Since i am pretty well read in this area, let me show you how the continuity of thought works for them.

Metaphysically, according to Al Ghazali, Allah is absolutely one with no division. All things exist "crystallized", as it were, within the boundaries of the Quran - which is considered to be his literal word. For Al Ghazali, temporality doesn't exist in reality. Neither does space. Or any "separateness", in fact.

Not to extend this idea. If the end of an action in a temporal sequence of events ends up supporting the "end goal", which is a world where Islam is accepted by everyone, than everything which happens between now and "then" is subordinate to this metaphysical 'end point'. All things exist in this end point, and the confusing political realities of our present moment, according to the theologians which justify suicide bombings, don't really exist; they are like the hindu "maya" concealing the underlying unity - and reality - concretized in the Quran.

This how they think^^^

And, I hope you've picked this point up, the Islamic world has multiple theological perspectives.

posted on Jul, 23 2014 @ 02:17 AM
a reply to: Astrocyte

The suicide bomber kills himself because of a profound religious and spiritual experience.


The suicide bomber kills himself because of a hypnotic maniacal drug/alcohol induced frenzy.

posted on Jul, 23 2014 @ 02:43 AM
a reply to: Astrocyte

There is no fuzziness, murder is the greatest sin in Islam, killing one innocent person in Islam is equal to killing all of mankind. And no hadith written by any man over-rides the Koran.

Another example of western propaganda I witnessed was a BBC report that headlined Osama bin Laden admits to 9/11. Their written source for that news report was an interview carried out by the pakistani newspaper called Ummat. When I clicked their source it took me to a Ummat interview in which Osama bin Laden was claimed to have said "We are against the American system but not the American people. Islam does not allow killing of innocent people, men, women and children even in the event of war.". He claim 9/11 was carried out by forces within the US.

So media doesn't even hide the fact that they lie because they know 99.9% will never check their sources. Today they don't even provide sources they just tell you what they want you to believe.

Unfortunately people like yourself either have to accept the lies to re-enforce your belief system or admit that your belief system is built from lies (propoganda). Its easier to believe the lies than risk a mental break down.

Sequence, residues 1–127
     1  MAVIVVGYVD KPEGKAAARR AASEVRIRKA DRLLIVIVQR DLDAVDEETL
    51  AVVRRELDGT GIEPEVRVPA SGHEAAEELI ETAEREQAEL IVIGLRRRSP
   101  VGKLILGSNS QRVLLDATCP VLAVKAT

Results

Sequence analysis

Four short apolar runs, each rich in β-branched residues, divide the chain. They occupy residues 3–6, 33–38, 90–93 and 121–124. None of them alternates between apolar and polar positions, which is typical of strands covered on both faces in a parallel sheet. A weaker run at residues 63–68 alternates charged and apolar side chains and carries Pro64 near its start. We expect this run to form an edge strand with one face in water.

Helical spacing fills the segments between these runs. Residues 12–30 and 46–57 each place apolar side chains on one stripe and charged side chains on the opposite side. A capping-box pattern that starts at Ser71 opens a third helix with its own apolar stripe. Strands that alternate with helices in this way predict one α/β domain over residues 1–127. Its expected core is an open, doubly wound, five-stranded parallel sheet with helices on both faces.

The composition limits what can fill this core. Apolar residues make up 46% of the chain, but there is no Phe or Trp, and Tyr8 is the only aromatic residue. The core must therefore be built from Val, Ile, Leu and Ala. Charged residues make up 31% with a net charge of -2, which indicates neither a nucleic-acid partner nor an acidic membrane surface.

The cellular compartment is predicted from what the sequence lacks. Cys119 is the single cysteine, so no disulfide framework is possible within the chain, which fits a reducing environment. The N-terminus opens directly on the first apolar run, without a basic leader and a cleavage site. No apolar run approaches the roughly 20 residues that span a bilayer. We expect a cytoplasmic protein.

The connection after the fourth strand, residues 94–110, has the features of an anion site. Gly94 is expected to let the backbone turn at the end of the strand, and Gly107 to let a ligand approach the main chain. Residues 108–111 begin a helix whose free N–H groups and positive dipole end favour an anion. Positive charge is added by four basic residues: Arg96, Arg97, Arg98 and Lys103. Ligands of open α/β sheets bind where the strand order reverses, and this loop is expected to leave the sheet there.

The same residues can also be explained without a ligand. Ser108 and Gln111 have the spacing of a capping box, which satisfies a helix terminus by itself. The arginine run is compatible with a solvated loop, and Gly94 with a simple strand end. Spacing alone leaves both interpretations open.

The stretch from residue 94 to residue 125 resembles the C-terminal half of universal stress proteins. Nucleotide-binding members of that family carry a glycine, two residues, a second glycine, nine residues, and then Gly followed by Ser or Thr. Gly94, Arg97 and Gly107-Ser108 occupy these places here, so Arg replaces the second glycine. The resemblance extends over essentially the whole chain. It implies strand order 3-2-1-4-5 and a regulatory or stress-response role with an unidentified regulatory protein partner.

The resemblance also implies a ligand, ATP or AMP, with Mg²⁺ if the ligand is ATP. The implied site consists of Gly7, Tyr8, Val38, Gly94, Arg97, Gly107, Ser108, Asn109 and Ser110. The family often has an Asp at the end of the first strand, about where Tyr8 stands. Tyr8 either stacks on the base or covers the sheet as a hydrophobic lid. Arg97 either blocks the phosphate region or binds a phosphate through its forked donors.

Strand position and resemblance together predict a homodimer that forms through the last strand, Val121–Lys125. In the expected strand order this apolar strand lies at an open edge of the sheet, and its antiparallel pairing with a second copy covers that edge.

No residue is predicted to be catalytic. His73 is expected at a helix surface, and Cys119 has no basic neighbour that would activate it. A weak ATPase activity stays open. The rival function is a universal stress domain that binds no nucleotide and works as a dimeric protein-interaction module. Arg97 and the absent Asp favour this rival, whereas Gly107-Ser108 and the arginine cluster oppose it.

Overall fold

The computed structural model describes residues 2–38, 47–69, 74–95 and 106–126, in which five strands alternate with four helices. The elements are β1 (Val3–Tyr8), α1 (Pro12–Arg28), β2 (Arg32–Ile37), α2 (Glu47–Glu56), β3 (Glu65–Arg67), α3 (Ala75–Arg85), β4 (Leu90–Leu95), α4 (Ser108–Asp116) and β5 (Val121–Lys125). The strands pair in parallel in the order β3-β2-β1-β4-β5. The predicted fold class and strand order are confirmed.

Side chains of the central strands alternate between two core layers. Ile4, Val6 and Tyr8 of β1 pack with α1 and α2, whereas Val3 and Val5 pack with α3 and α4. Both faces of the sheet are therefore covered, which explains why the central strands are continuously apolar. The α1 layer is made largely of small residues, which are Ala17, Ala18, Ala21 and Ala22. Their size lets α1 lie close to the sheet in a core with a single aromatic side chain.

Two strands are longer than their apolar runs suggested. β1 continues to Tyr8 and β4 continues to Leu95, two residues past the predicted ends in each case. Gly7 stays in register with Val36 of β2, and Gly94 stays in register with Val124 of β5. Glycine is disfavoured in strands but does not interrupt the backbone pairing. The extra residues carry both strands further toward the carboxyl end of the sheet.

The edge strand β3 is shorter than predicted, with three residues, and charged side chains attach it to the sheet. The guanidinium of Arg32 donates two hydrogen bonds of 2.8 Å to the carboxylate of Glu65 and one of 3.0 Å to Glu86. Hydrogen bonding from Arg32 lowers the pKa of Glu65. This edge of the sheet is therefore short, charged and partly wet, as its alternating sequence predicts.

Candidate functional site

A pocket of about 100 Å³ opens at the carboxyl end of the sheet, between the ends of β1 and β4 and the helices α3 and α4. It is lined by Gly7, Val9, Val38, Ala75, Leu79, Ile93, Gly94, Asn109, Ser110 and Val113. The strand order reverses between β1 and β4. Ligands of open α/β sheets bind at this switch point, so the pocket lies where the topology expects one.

God Bless.

posted on Jul, 23 2014 @ 04:06 AM
Once one understands the way our perspective is influenced by so many subconscious factors, I don't see how anyone can be so sure of their own as being THE objective truth?

To me, you are just one more of the millions claiming "MY perspective is the real truth- everyone elses is biased."

For that reason, I speak in terms of what I perceive, and respect the right of others to do the same.

posted on Jul, 23 2014 @ 04:31 AM
a reply to: Astrocyte

I enjoyed the OP. Good job.

I have some questions though...

Do you think it's sociopathic to manipulate people byway of having knowledge of how the mind works?

And a followup question: Do you believe not doing so would make you partially guilty of their actions? Or would you be guilty of something worse, if you did?

posted on Jul, 23 2014 @ 12:53 PM
a reply to: Bluesma

To me, you are just one more of the millions claiming "MY perspective is the real truth- everyone elses is biased."

The funny and paradoxical thing is, once you understand THE PROCESSES that work, you are able to be "more" objective than someone who is ignorant of them.

So to say that I am "just one of the millions", placing me in the same category without any distinction I think may be an example know...subconscious forces affecting how your processing the information at hand.

Fact is this. The world is non-linear. human relations are non-linear. All the subconscious forces which affect our judgement , both impersonal (physical sensations, framing, etc) and personal (past history) when understood, WILL enhance your ability to make a more ACCURATE objective perception.

We can never arrive at perfect objectivity. But we can inch closer towards it by offsetting the processes that work between us when we think about matters.

For that reason, I speak in terms of what I perceive, and respect the right of others to do the same.

So...a pure subjectivism. Moral relativism? Yeah. That's wrong. Just as wrong as a pure objectivism.

Every perception is an intake of "outside" information and it's interaction with "inside" information. It's constructivist.

Some opinions are just dumb and wrong. Others are more right and more well thought out. And, out of necessity, complex. Because life and living and the realities relate with are so embedded in a context of relationships.

Hope I'm not irking you - I sense maybe a bit of that.

I do appreciate your views bluesma.

edit on 23-7-2014 by Astrocyte because: (no reason given)

posted on Jul, 23 2014 @ 12:55 PM
a reply to: glend

I would say your ego is far bigger than mine.. And probably anyone else you relate with.

I can see that everything you believe is probably a joke.

God Bless.

posted on Jul, 26 2014 @ 02:48 PM
a reply to: Astrocyte

I just disagree, that's all.

new topics

top topics


log in